New Internationalist

Gift

September 2010

By Eliza Carthy & Norma Waterson

The Waterson family are the nearest thing that Britain has to a folk-song dynasty, although Norma and her daughter Eliza won’t thank anyone for saying so. Despite Gift being an intimate, mother and daughter affair (with various other Watersons popping in for the fun), it’s also an album about the community of song that they encapsulate so well.

There are 11 songs on Gift – mostly traditional ones – and both women take an equal part. Waterson’s voice is distinct, curling and capable of great swoops and sudden pauses; Carthy’s is smokier and just as lovely. The selection showcases the two talents well and they are never muffled by the small band of musicians that accompany them. There’s much here, from the jaunty – ‘Bonaparte’s Lament’ – to the tingling modal cadences of ‘The Rose and the Lily’. Their version of Amen Corner’s 1960s hit ‘(If Paradise Is) Half as Nice’ is there for the ride.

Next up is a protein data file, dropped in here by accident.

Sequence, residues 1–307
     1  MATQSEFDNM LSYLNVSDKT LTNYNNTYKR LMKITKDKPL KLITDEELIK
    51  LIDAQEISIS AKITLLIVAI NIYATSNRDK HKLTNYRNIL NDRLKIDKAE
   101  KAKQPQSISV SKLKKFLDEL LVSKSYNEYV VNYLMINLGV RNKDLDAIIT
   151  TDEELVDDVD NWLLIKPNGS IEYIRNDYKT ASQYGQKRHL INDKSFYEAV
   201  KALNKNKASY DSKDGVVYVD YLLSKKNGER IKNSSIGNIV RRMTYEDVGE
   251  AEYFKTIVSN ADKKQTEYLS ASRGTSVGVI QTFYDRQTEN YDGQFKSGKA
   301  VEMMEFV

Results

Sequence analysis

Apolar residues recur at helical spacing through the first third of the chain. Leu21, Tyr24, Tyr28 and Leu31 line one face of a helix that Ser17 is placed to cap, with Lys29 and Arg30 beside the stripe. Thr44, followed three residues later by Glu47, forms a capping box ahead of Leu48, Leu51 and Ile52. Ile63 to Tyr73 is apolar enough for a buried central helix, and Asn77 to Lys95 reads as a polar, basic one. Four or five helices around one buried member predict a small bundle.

The cover photo – a close-up of Norma and Eliza holding hands – suggests strength, continuity and generosity. For anyone who’s had the privilege of seeing Norma Waterson sing, watch her hands: she literally hands over her songs to her listeners with a grace that defies belief. Sublime.

www.topicrecords.co.uk

This column was published in the September 2010 issue of New Internationalist. To read more, buy this issue or subscribe.

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